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Apple Cider Donuts: Exposed

by jenny sansouci on October 20, 2013

I’m so sorry to be writing this. It actually pains me to do it. I’m ruining fall fun for everyone. But I can’t help it. When things like this are presented to me, I feel like I have an obligation to share them….so, stop reading if you don’t want to know. 🙂

If you’re from the New England area, you’re probably very familiar with apple cider donuts. I grew up in Massachusetts, and these sugary autumn treats have been a part of my life for as long as I can remember.

Every fall, the little farm stands all around New England start making cider donuts. It’s a welcome-to-autumn ritual to go apple picking, drink hot apple cider, and eat these scrumptious donuts. Even after I started getting interested in nutrition, every year when I came back to MA, I would still eat a cider donut (or 2). It’s the one time a year where I would actually consider eating a donut, because for some reason they just seemed so fresh and homemade and wholesome. It has always felt like a really sweet and cute tradition.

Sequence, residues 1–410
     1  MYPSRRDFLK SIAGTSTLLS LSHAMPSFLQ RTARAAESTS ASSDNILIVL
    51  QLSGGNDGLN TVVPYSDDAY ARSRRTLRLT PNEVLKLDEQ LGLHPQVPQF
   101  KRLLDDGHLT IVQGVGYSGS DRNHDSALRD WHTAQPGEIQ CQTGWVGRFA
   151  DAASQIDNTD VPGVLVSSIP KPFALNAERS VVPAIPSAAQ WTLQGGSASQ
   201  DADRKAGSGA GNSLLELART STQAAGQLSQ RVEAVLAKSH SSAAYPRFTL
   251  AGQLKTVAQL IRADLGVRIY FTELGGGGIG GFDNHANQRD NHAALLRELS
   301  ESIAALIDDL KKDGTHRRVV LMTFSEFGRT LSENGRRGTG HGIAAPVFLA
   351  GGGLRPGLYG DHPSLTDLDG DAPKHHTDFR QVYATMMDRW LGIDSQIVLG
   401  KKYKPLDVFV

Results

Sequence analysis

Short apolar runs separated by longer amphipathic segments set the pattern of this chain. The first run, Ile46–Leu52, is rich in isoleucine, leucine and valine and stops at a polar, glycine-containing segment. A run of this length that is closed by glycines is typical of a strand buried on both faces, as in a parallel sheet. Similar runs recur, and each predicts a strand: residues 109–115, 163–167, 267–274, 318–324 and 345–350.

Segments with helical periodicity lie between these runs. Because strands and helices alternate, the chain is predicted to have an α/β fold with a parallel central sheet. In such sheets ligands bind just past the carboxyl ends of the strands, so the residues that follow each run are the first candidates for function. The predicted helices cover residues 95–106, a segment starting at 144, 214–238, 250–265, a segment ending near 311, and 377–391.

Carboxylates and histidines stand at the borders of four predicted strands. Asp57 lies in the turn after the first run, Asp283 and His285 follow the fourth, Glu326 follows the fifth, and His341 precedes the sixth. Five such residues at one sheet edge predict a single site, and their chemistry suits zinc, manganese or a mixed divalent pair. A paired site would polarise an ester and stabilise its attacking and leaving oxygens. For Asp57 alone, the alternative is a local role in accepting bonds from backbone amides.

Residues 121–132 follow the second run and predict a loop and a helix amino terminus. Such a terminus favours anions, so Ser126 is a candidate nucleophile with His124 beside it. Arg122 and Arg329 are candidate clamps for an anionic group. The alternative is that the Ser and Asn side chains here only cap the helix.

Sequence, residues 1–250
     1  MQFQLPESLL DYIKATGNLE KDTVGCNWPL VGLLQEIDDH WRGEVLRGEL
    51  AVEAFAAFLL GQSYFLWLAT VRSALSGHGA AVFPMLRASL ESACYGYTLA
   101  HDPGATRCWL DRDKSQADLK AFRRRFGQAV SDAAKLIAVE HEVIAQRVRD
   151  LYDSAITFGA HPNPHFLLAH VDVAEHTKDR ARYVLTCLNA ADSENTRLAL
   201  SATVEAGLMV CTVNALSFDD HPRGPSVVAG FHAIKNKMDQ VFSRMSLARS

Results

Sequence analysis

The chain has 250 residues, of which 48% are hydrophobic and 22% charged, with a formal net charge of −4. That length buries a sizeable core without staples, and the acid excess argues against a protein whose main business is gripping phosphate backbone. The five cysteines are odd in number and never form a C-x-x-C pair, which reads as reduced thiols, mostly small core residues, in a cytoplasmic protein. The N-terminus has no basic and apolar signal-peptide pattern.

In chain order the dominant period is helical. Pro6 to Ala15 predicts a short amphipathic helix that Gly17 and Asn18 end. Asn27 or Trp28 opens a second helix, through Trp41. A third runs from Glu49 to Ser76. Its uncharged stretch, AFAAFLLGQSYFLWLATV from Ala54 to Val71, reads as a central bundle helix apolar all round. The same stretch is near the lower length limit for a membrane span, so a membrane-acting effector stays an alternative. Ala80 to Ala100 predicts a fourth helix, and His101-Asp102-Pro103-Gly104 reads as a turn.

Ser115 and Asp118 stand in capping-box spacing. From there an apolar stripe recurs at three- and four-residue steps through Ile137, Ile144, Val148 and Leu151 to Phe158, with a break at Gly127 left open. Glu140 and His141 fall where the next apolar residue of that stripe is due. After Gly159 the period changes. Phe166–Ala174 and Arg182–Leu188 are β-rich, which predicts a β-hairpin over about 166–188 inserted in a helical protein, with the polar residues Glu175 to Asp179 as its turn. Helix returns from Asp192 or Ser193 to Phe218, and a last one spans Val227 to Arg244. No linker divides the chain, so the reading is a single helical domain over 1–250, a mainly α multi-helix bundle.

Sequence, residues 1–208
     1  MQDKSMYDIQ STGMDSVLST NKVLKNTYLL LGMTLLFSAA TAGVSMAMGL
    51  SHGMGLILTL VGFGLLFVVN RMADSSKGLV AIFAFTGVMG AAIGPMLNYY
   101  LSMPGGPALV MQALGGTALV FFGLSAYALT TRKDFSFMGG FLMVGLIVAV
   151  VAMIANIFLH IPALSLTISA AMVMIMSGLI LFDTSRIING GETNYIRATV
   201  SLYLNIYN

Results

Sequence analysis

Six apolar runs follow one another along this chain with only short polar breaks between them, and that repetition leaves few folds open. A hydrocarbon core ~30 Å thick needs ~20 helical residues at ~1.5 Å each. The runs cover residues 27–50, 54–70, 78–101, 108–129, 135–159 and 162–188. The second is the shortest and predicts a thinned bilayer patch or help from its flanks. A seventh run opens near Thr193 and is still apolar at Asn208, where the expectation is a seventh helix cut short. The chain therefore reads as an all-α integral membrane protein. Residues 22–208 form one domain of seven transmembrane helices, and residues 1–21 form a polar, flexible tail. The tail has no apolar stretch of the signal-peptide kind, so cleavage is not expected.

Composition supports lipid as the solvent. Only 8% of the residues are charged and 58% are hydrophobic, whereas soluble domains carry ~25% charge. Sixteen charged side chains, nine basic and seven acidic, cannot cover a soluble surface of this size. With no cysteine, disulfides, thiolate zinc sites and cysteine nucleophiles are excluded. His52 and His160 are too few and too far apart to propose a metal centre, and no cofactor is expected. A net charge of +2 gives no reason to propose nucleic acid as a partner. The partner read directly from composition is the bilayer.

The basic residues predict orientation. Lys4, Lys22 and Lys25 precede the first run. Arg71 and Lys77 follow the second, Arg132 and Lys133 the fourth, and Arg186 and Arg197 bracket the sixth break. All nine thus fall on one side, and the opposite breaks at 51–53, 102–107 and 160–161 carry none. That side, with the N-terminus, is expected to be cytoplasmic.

Obviously, I’m not here to say “guess what, donuts aren’t healthy” – I know that, you know that, we’re all smart people here. This is a different situation.

On those rare occasions when I do indulge in a treat like this, I’d like to think I’m eating something made fresh with love with a few ingredients (like butter, sugar, eggs and flour) from a wholesome little farm. That really seems like the way to go if you’re going to have sugar, right?

I guess I let my rose-colored glasses get the best of me when it comes to apple cider donuts, because this weekend I investigated and I was totally shocked about what I found. Maybe I was more inclined to investigate because I’m currently doing the Whole30 program and wasn’t able to eat a cider donut anyway, so I wasn’t as attached to the outcome.

I went to a local farm to get some apples. I’ll leave the name of the farm out because I grew up going there, and it’s actually a very cute place with nice people. The donuts, however, are another story.

As soon as I got out of my car, I could smell the cinnamon-sugar aroma in the air. I saw the fresh baked cider donuts on the tray, where they are displayed every year. I went over and looked at the donuts. They looked very cute and full of goodness. Awww. So sweet and innocent.